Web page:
Before he transformed into a one-man band with eye-grabbing personal style and a gender-twisting pseudonym, Harriet Brown was just a churchgoing jazz kid with a library card.

"I would often go to the public library, borrow the limit of CDs, take them home, burn them, and bring them back to get more," he recalls over email. "There's this Mingus song called 'A Colloquial Dream,' which was a bonus track on a CD I found on one of my excursions. I remember hearing that song for the first time, listening back to it a couple of times and thinking, 'I have to play music, there's nothing else I can do.' "And then I applied to college as an architecture major."

Growing up in a devoutly religious home, the son of "American Dream-chasing immigrant parents" from the Philippines, Brown initially allowed himself to get nudged toward a more "practical" career. After two years of study, he eventually "came to," and started chasing his own dream. But even then, Brown—he prefers not to disclose his birth name—ended up miles from where he started, as a literal choirboy playing guitar in a high school band.

In L.A.'s revivified funk scene, the 26-year-old Bay Area native is emerging as a potential torchbearer. On his debut full-length, Contact, Brown triangulates early Prince, a grown, sexy Janet Jackson and Mr. Contact himself—Carl Sagan, if you're nasty—connecting the corporeal, the spiritual and the extraterrestrial through vintage synths, bangin' drum machines and the occasional ripping guitar solo. And he does it while rocking a look best described as Lloyd Christmas-meets-new jack swing.

Understandably, the transformation didn't happen overnight. Following a three-month, post-college backpacking trip through Europe, Brown returned to the states with "a pretty empty, stuck feeling regarding music," he says. He'd been playing with other people, which meant playing the music other people wanted to play. He wanted the freedom to wander, to futz around and figure out exactly what kind of artist he wanted to be.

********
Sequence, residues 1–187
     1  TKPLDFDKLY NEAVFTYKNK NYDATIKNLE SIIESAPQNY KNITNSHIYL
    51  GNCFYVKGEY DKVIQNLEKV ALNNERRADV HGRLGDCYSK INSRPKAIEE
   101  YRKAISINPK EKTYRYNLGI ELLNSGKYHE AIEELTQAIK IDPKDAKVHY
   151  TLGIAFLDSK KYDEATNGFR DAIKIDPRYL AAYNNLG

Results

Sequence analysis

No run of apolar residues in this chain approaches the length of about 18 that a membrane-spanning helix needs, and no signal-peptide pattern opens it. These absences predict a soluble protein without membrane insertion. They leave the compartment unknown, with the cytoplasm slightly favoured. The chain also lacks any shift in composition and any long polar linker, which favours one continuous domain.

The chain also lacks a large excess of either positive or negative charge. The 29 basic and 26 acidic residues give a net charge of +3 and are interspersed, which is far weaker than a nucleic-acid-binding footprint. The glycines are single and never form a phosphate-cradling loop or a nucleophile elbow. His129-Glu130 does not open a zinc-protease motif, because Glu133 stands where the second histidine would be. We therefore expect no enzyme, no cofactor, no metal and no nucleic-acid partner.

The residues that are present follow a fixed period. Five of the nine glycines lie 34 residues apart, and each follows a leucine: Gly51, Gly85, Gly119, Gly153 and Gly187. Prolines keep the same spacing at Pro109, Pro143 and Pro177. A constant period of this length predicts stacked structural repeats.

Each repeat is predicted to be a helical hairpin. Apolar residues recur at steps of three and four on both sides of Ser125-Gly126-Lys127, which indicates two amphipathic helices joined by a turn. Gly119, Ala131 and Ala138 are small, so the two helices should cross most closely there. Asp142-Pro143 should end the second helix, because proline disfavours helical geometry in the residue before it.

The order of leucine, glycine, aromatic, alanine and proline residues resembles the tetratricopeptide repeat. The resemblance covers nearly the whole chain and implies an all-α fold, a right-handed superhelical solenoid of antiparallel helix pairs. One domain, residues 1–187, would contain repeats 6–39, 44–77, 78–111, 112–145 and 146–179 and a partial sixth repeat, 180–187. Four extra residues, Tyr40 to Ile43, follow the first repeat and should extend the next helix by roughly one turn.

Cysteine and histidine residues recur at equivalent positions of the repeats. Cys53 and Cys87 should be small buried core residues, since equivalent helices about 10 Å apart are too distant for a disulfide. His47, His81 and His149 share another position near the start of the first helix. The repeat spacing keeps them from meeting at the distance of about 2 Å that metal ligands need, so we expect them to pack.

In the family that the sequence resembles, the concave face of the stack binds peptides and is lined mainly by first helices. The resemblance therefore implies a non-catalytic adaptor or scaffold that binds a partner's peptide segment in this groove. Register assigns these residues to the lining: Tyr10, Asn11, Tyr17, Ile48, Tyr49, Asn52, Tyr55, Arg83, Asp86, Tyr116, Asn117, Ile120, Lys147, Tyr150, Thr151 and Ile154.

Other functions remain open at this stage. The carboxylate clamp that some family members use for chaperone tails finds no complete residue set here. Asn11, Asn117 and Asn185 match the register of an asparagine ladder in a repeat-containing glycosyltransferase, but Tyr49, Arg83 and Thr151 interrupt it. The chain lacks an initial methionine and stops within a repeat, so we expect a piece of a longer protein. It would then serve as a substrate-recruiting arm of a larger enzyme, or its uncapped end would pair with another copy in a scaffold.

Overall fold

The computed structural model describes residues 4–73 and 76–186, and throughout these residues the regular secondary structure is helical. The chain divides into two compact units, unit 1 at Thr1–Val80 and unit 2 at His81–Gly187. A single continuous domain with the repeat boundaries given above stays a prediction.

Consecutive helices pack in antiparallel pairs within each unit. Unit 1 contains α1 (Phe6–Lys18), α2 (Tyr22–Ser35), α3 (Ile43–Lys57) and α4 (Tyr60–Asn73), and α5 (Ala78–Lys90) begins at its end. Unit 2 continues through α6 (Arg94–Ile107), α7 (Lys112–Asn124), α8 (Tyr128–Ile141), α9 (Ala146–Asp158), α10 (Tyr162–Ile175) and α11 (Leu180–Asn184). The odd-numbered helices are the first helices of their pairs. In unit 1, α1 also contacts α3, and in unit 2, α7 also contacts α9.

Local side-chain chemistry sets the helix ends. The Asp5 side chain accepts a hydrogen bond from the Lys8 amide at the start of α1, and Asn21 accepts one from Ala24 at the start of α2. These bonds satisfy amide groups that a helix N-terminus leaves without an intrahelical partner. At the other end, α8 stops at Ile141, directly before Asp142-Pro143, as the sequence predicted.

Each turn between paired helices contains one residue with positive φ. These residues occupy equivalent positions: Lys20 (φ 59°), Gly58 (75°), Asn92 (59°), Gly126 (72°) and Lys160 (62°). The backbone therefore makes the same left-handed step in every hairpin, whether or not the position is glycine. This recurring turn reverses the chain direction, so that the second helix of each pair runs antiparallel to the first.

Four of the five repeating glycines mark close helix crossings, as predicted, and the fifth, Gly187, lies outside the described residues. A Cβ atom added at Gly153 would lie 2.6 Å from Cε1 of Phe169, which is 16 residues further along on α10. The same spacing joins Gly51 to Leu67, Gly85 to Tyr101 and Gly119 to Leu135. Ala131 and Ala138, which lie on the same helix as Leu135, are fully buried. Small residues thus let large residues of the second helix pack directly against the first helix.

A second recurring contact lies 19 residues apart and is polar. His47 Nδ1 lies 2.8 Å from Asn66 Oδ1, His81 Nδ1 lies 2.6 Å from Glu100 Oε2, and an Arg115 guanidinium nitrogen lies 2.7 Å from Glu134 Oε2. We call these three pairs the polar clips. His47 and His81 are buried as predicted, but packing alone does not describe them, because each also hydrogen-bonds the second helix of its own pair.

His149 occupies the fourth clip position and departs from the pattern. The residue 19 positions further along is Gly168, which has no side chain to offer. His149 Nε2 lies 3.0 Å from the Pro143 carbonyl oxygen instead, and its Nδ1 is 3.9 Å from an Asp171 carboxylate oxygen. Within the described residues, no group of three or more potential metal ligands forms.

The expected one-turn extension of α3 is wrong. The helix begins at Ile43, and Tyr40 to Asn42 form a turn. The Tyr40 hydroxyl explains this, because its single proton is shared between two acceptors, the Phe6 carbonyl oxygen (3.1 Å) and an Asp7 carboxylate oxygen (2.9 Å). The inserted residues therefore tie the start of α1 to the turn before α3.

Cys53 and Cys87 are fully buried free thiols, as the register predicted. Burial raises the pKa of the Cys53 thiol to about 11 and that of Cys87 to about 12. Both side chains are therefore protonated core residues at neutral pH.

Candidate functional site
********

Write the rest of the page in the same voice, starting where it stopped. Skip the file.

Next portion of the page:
Moving to Los Angeles helped. Armed with a raft of electronic instruments he'd never really messed with before, Brown took advantage of the city's isolating nature, bunkering down in a home studio and honing in on the Harriet Brown persona. His first EP, 2014's New Era, is the result of that initial tinkering, and while clearly more rudimentary than the music to come, it showcased his shape-shifting vocals and ability to create lush worlds out of just a few elements. A friend dubbed his sound "romantic funk," mostly as a joke, but the blogs ran with it.

"To get a little nerdy on you, I think his original reasoning behind the term wasn't so much meaning 'romance' plus 'funk,' but more romantic in a musical or classical or artistic sense," Brown says. "Funky, but favoring harmonies reminiscent of that era of Western classical music."

While many of the songs were written around the same time as the EP, Contact represents a full evolutionary leap forward. It's an album of familiar grooves colored with odd sounds. Although Brown wears his influences on his hypercolor sleeves, he manages to evoke them while sounding like he's broadcasting from another planet—like an alien reinterpreting transmissions of '80s R&B radio and beaming them back to Earth.

Appropriately, the struggle to communicate factors largely into the lyrics. On the levitating ballad "Mother," Brown compares himself to a "super-massive black hole, pulling in the weight of our world/All because I didn't get that call back." A sense of Digital Age loneliness—that feeling of being connected to everyone and no one at the same time—permeates even the album's more playful moments. Musically, though, Brown says he's content to continue going it alone. For right now, anyway.

"I definitely relish having complete control over my work, and probably will continue to do so forever—this is a big part of what Harriet Brown is, by definition," he says. "But that doesn't mean that I wouldn't bring on a band or something when I get the opportunity of being in a position where I can comfortably work with the exact players I know I need and want to execute a certain vision. I'm not yet in that position."

Harriet Brown plays Doug Fir Lounge, 830 E Burnside St., with Nite Jewel and Geneva Jacuzzi, on Saturday, July 8. 9 pm. $14 advance, $16 day of show. 21+.